TUI: ‘We’d rather not advertise than have one ad appear in the wrong place’

Brand safety is the key tension TUI’s digital marketers are trying to resolve, with the company being resigned to stopping campaigns that are at a risk from appearing on unsavoury sites.

The travel business is seeing the benefits of hiving off some of its budget to ensure brand safety in the belief that done right it can lift performance. From blacklists and whitelists to tasking its agencies to make better inventory purchases, TUI is working to cut ad misplacement at the source, wary of how fast a single mislaid ad can get passed around among friends and eventually make a good headline.

As part of the shift, TUI is scrutinising potential partners to ensure their procedures comply with the Digital Trading Standards Group’s (DTSG) own. It is also working with Google to get a much better feel for whether its ads are being bought in the right places.

“[Brand safety] is the number one issue [for us],” said Christian Armond, TUI’s general manager of digital marketing at a JICWEBS town hall event yesterday afternoon (24 February). “I’d rather not advertise in exchanges than be compromised with my ads appearing in the wrong place.”

That fear of being rumbled has pushed brand safety top of mind for many marketers now during what can only be described as a clean-up phase for digital. And while the growing use of brand safety and fraud prevention technology to hunt undesirable inventory will inevitably inflate prices of programmatic buys, for Armond it’s a cost worth accepting given the potential damage to the brand.

“Making sure that our ads don’t appear next to coverage of disasters like bomb attacks, the terrible events in Tunisia or plane crashes is one the biggest challenges we have at the moment,” said Armond. “We have to constantly fight to make sure our ads aren’t appearing in those areas and more often or not we’re able to do that with tools that are available and that generally means we stop advertising because we can’t run the risk of even one ad appearing next to content like that.”

Part of that risk stems from the growing number of publishers sourcing inventory off-site and packaging it up together with their own. While there’s nothing inherently dubious about this practice, it means a publisher is effectively acting as an intermediary and so needs to be able to assure advertisers that outsourced inventory is brand safe.

“I don’t see it becoming an issue,” said Armond. “It just adds more routes to market. It gets cloudy when you consider the exchange part, which could be a challenge because then that automatically causes the issues around viewability. I think a lot of people will talk about moving to much more publisher direct models and the exchange percentage moving down over time unless it’s your minimum spend.”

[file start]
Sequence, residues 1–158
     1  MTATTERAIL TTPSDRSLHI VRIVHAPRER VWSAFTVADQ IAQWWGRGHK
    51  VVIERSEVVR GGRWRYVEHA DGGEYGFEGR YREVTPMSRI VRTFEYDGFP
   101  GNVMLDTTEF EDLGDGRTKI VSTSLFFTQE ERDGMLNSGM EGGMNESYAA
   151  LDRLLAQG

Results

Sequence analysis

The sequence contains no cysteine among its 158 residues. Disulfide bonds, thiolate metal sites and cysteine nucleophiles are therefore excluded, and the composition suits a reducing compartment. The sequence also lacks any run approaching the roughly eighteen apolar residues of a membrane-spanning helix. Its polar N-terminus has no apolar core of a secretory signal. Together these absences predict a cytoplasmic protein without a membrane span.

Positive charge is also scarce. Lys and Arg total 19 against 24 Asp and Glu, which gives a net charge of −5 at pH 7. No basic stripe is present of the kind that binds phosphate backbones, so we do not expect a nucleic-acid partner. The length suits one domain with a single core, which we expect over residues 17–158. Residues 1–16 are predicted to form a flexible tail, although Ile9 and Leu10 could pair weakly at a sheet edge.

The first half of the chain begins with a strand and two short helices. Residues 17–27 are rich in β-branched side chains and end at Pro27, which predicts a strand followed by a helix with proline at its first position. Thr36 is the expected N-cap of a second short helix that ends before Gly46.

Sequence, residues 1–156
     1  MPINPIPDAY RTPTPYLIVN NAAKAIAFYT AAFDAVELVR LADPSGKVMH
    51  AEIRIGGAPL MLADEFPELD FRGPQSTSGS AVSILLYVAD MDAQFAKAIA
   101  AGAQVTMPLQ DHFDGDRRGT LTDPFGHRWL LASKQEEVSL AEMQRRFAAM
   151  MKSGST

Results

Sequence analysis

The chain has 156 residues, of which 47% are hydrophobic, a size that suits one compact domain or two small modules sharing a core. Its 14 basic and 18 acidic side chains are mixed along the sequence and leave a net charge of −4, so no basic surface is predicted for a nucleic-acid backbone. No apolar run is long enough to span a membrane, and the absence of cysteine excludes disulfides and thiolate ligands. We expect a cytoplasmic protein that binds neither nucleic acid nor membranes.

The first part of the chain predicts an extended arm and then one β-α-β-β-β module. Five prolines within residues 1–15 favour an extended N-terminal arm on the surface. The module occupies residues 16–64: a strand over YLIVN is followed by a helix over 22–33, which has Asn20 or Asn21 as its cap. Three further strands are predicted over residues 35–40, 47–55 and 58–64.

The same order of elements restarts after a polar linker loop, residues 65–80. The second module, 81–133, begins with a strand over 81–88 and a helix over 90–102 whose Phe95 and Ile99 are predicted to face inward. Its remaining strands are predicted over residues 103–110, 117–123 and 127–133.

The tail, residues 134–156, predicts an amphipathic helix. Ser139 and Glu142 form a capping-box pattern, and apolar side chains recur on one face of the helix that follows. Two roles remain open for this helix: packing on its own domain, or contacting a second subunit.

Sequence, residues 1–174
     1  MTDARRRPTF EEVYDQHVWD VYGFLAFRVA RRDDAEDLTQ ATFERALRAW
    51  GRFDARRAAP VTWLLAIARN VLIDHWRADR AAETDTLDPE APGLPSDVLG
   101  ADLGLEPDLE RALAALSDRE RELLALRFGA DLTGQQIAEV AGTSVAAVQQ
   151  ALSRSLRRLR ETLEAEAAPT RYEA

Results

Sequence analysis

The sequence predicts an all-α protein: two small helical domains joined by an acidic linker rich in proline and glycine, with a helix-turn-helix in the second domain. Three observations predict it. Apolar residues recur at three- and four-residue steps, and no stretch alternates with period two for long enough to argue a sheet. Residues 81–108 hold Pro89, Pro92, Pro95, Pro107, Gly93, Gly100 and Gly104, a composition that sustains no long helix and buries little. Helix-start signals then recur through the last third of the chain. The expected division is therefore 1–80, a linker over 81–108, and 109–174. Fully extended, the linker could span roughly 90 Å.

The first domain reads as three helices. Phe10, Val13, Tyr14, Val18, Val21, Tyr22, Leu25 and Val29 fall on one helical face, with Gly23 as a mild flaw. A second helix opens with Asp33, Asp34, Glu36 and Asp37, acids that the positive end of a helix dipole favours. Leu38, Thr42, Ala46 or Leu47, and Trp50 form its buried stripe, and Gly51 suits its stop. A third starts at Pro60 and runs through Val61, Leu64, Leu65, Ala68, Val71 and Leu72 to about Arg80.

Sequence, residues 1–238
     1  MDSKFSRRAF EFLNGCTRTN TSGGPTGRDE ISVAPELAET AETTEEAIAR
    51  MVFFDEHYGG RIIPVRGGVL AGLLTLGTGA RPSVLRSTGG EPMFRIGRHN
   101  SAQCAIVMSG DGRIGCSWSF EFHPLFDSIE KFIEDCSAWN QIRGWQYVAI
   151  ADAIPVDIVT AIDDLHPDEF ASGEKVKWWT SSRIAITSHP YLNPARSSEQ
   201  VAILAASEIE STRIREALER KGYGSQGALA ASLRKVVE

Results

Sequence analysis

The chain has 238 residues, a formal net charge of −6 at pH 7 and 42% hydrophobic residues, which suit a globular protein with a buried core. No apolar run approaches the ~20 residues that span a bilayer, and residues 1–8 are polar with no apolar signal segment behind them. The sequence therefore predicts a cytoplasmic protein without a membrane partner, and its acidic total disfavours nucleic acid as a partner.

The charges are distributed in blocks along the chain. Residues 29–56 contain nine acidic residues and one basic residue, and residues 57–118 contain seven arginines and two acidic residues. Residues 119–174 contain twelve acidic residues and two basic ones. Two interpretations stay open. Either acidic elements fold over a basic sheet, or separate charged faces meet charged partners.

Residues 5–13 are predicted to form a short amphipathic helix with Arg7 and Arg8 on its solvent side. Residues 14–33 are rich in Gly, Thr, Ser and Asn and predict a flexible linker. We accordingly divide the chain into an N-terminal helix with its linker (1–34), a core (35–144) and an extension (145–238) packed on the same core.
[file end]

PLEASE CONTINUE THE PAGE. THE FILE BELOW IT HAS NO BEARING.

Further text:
Brand safety can take many forms; it can be dented by an ad appearing in inappropriate places like gambling or porn sites, both of which Armond asserts aren’t where he wants his brands, as well running on illegal sites. Consequently, what one advertiser considers brand safe may not the be the same for another and importantly many are blaming agencies for this even becoming an issue in the first place.

Speaking to the agencies in attendance at the event, the travel marketer said: “It feels to me that if I’m already paying you for the advertising that we’re delivering the onus then is on you to make sure that is legal, proper and right for us. We shouldn’t end up double paying for that.”

The complexity of the issue was highlighted following in a recent investigation by The Drum that found a promoted story link with a salacious image at the bottom of an ESPNW article about domestic violence. It was quickly pulled after ESPN and Outbrain, the content discovery platform that served the link, were both alerted.

He continued on that while the business could be “spraying out millions of impressions or banner ads”, it only takes one or two to appear in the wrong place for the “Daily Mail to get up in arms about it all”.

Marketers’ appetite for better transparency also extends to the issue of viewability standards. TUI is working closely with its media agency to ensure the average viewability rate for its ads are above the 50 per cent industry standard measure. It’s identifying the different average viewability rate for each of its partners and then establishing how effective the performance of its ads are when it pushes up the rate.

“I think there comes a tipping point where you say I will only trade on 100 per cent viewability,” opined Armond. “If we keep constantly accepting this mediocrity of viewability then we’re going to end up killing the golden goose of display and then you’ll likely see more money going toward native."

Seb Joseph

Hi, I'm the news editor at The Drum. Give me a shout if you have any questions about our news coverage or would like to pitch in a story.

All by Seb